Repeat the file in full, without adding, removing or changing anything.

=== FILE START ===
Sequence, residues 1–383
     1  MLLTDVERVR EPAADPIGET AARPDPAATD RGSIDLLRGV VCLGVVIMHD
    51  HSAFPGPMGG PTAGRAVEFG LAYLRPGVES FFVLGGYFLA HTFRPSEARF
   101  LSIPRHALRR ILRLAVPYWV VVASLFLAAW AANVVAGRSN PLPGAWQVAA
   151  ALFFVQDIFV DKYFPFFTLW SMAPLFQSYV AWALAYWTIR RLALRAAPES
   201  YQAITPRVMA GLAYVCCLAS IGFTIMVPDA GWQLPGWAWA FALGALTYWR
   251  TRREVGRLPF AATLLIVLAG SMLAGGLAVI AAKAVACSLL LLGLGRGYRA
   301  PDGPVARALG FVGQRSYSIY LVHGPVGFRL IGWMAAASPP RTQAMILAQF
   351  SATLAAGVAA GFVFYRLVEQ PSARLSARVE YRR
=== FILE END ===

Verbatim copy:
Sequence, residues 1–383
     1  MLLTDVERVR EPAADPIGET AARPDPAATD RGSIDLLRGV VCLGVVIMHD
    51  HSAFPGPMGG PTAGRAVEFG LAYLRPGVES FFVLGGYFLA HTFRPSEARF
   101  LSIPRHALRR ILRLAVPYWV VVASLFLAAW AANVVAGRSN PLPGAWQVAA
   151  ALFFVQDIFV DKYFPFFTLW SMAPLFQSYV AWALAYWTIR RLALRAAPES
   201  YQAITPRVMA GLAYVCCLAS IGFTIMVPDA GWQLPGWAWA FALGALTYWR
   251  TRREVGRLPF AATLLIVLAG SMLAGGLAVI AAKAVACSLL LLGLGRGYRA
   301  PDGPVARALG FVGQRSYSIY LVHGPVGFRL IGWMAAASPP RTQAMILAQF
   351  SATLAAGVAA GFVFYRLVEQ PSARLSARVE YRR